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Ball Don't Lie

The 10-man rotation, starring some wondering about the Spurs’ life after Stephen Jackson

Dan Devine
Ball Don't Lie

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Vaya con dios, Stak5. (Joe Murphy/NBA/Getty Images)

A look around the league and the Web that covers it. It's also important to note that the rotation order and starting nods aren't always listed in order of importance. That's for you, dear reader, to figure out.

C: 48 Minutes of Hell. Fresh off Friday afternoon's news that the San Antonio Spurs have waived Stephen Jackson just days before the start of the postseason, Andrew McNeill considers the veteran swingman's declining role on the team and whether the Spurs will actually miss him come playoff time ... and he's got a sneaking suspicion they might. (Combine this with the news that reserve big man Boris Diaw will miss three to four weeks after having a cyst removed from his spine, and this is a pretty weird/not-so-great Friday for Spurs fans.)

PF: The Painted Area. With Jermaine O'Neal's recent astoundingly odd game-losing goaltend fresh in mind, Mark Haubner defends the NBA's existing goaltending rules against those (like NBA Commissioner David Stern) who would prefer it if the league switched to FIBA-style play, where you can smack the ball off the rim without penalty.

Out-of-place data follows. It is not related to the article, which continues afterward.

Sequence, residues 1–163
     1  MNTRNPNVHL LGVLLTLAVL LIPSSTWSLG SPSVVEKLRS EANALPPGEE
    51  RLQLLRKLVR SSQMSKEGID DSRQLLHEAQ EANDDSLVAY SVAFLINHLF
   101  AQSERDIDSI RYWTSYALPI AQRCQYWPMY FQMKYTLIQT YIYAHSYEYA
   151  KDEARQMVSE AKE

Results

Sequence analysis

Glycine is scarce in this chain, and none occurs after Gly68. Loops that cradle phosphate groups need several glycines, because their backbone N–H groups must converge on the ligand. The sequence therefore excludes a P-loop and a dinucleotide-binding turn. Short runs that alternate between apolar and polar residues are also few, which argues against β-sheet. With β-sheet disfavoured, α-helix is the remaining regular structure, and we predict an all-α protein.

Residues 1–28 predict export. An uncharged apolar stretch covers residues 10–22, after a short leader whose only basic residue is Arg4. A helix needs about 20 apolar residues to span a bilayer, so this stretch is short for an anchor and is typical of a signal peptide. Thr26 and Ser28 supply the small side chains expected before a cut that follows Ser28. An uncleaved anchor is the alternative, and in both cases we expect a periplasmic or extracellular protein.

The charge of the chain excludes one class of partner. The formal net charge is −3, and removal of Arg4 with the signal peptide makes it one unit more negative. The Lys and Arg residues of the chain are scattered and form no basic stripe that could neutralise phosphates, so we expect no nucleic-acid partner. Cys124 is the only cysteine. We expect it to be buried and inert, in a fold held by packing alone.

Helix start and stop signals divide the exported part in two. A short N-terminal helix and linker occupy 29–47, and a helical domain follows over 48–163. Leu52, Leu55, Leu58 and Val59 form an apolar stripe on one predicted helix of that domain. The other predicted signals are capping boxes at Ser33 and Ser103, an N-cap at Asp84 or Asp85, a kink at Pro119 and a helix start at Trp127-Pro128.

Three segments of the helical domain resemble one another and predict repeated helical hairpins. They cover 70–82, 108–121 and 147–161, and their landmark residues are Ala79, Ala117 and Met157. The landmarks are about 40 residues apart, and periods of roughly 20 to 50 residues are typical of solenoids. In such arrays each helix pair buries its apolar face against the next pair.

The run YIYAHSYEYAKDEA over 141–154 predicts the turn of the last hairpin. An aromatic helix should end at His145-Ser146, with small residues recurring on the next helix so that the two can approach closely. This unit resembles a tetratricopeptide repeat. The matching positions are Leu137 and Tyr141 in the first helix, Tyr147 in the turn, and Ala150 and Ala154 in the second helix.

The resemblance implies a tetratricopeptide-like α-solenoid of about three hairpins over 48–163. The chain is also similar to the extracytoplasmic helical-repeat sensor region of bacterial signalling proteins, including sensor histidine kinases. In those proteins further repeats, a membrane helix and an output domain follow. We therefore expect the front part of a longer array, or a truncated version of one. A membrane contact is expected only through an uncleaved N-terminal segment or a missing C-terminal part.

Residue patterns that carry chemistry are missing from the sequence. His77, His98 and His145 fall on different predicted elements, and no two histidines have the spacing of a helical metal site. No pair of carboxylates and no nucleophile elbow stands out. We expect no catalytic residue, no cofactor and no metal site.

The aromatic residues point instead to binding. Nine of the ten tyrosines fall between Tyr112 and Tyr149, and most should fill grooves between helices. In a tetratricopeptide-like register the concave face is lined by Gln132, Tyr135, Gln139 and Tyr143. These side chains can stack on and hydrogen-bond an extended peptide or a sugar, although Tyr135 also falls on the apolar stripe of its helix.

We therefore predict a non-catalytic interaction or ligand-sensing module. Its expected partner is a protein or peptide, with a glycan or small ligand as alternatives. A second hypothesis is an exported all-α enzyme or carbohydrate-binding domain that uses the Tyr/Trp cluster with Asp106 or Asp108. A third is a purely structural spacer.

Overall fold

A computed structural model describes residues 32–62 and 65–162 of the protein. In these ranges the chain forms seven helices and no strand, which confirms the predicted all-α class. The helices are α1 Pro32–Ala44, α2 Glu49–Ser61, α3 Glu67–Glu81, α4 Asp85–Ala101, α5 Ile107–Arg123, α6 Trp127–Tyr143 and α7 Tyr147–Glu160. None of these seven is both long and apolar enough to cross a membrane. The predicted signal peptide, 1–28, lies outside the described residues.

SF: Hot Hot Hoops. Jay Ramos takes a closer look at the impact Chris Andersen has had on the Miami Heat this season, and was somewhat surprised to find out that "The Birdman" — long renowned for his shot-blocking prowess — has arguably been more beneficial offensively than on defense for the defending champs.

SG: Memphis Flyer. I thought this "state of the union"-type piece by Chris Herrington on the Memphis Grizzlies and head coach Lionel Hollins, whose contract is up after the season and may or may not be asked back, was really good, sharp and nuanced.

PG: The Brooklyn Game. We know Gerald Wallace's confidence is at an all-time low. So how do the Brooklyn Nets go about building him back up and getting him back in form? Justin DeFeo and Devin Kharpertian consider the physical and mental aspects of the rebuild, which probably won't be helped by the lower left-leg contusion that will keep him out of Friday's game against the Indiana Pacers.

6th: NBA.com's Hang Time Blog. Steve Aschburner applauds Chicago Bulls wing Jimmy Butler, who said he was going to try to rattle the New York Knicks' cages a bit on Thursday, then backed it up with 22 points, 14 rebounds, three blocks, three steals and 50 minutes of tough defense on Carmelo Anthony and J.R. Smith in the Bulls' overtime win.

7th: Gothic Ginobili. Aaron McGuire is playing through the video game "Fallout: New Vegas" as Phil Jackson and writing detailed fictional stories about Phil's exploits in a "post-apocalyptic world where the world's been utterly ravaged by nuclear war and taken over by several disparate ruling factions." The third installment went live today. Go microwave your brain for a while.

8th: Grantland. Kirk Goldsberry shows us the differences between Carmelo Anthony's shooting in a good-but-not-great 2011-12 and an excellent 2012-13 season. Chief among them: increased symmetry and improved guard play.

9th: SB Nation. After watching him carve up the Boston Celtics on Wednesday night, Paul Flannery comes in praise of Deron Williams, finally back to being the kind of max-level, game-changing superstar point guard the Brooklyn Nets hoped he'd be.

10th: numberFire. There's a statistical case to made, it seems, that Tyson Chandler's 2012-13 campaign is the most efficient offensive season ever.

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